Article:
Government forces drove the Tamil Tigers from a key town Monday, adding to rebels' diplomatic woes.
COLOMBO, SRI LANKA
After more than a week of fighting with the Tamil Tigers, the Sri Lankan Army Monday captured a strategically important rebel position. The Tigers retreated from Sampur without much resistance, following days of pounding from the military's Israeli-made Kfir jets.
Although a fragile cease-fire from 2002 still technically prevents the country from returning to the 19-year-long civil war, Tiger losses on the battlefield and on the international front have, for the first time in many years, opened up the possibility of an eventual defeat of the Liberation Tigers of Tamil Eelam (LTTE).
The recent fighting shows that the Tigers "don't have the capability to wipe out the Sri Lankan garrisons," says Maj. Gen. Ashok Mehta (ret.), who led an ill-fated Indian peacekeeping force against the Tigers in 1987. Back then, the Tigers withstood the fourth-largest army in the world, killing 1,200 Indian soldiers. "The LTTE [in the late '80s and '90s] was made of sterner stuff."
The Tiger rebels, who invented suicide bombing and are famous for overwhelming targets with speed and fire power, have over the years emerged as a formidable nonstate force.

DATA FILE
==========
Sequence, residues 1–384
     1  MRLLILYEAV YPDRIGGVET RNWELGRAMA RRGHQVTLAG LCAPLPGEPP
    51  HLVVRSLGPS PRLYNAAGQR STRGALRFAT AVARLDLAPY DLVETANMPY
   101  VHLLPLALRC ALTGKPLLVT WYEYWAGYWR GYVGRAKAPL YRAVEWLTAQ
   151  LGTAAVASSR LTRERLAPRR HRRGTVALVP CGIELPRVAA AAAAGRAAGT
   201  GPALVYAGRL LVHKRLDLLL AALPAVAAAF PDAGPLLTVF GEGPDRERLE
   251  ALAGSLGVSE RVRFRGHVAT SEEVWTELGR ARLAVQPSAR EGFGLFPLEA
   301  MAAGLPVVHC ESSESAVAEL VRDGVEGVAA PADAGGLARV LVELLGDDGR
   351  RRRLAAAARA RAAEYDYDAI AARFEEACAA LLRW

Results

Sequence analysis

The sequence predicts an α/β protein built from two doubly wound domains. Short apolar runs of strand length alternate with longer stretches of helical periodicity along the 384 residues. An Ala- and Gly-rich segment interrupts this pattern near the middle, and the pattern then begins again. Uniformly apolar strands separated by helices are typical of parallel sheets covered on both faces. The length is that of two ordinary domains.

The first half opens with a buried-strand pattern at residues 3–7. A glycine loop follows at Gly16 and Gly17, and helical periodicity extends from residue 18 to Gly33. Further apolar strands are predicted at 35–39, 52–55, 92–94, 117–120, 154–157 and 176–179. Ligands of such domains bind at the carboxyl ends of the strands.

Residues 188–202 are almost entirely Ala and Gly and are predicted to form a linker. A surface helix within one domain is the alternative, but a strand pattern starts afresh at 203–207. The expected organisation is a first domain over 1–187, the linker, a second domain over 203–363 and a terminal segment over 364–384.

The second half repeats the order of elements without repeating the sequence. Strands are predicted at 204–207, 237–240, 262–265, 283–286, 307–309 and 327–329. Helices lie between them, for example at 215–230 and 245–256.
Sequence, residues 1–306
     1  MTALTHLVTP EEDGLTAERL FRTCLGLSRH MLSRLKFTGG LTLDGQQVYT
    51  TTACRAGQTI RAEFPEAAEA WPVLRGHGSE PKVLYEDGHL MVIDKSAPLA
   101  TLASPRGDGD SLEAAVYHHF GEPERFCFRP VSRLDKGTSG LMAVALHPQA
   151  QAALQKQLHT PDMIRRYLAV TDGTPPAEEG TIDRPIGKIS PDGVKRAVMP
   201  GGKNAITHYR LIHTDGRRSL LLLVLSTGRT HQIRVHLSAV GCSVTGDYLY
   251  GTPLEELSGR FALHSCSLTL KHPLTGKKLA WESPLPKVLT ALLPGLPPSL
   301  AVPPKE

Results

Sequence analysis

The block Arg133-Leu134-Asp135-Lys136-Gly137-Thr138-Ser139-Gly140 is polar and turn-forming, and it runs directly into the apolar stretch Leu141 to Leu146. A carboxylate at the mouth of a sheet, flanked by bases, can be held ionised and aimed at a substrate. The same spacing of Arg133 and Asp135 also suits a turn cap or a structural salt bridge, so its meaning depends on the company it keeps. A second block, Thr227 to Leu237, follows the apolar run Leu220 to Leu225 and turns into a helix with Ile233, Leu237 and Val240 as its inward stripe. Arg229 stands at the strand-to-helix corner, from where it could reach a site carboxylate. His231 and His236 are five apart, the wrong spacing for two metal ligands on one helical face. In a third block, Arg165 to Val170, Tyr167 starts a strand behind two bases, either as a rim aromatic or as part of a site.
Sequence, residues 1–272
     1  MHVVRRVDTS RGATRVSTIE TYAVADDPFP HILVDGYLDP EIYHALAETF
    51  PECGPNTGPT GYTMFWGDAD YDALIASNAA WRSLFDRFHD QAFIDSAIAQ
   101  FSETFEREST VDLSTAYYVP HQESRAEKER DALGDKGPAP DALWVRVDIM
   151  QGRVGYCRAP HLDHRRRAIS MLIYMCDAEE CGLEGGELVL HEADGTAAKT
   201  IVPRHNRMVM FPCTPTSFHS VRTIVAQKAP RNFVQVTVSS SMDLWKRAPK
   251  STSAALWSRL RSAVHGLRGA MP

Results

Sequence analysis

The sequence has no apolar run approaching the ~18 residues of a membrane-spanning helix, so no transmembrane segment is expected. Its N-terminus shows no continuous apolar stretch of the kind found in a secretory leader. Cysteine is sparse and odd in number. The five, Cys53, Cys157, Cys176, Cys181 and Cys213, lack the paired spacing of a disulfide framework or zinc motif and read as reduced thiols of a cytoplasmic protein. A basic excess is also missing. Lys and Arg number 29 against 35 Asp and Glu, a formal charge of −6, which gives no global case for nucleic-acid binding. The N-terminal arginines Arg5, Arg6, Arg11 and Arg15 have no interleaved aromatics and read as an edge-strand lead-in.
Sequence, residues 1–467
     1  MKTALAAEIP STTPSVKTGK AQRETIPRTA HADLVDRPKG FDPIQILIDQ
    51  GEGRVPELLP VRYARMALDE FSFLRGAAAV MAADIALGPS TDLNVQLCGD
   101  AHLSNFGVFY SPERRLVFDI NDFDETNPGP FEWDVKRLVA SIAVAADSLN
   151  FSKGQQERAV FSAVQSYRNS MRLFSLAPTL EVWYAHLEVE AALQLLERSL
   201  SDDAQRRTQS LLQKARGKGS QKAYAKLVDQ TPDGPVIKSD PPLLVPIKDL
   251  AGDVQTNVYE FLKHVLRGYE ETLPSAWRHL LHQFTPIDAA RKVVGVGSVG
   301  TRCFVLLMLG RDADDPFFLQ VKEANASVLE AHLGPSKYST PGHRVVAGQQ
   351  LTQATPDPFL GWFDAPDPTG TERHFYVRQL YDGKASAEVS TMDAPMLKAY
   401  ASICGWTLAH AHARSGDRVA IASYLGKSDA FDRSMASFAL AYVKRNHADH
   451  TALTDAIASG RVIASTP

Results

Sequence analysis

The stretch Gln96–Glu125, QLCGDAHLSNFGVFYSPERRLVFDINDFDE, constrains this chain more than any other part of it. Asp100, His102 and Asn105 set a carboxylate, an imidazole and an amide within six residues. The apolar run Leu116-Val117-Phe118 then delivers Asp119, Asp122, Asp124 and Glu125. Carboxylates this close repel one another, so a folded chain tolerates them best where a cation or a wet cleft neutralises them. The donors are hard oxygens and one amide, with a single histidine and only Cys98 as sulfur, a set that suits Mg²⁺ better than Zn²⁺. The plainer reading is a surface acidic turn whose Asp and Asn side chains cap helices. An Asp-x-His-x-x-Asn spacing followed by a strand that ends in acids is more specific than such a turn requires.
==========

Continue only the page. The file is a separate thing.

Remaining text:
However, the recent spate of fighting with the government – the fiercest since the cease-fire – suggests otherwise. In fighting on Saturday, the Tigers' sophisticated naval wing was routed by the Sri Lankan Navy as they tried to infiltrate the northern Jaffna peninsula. According to the Sri Lankan military, 13 of the Tigers' 30 suicide boats were destroyed by the Navy while the rest were forced to retreat.
Since the cease-fire, the Sri Lankan Army has significantly replenished its manpower and military stockpile, dwarfing the strength of the Tigers. However, the Army's victories are not being attributed as much to their martial competence as to the debilitations faced by the Tigers.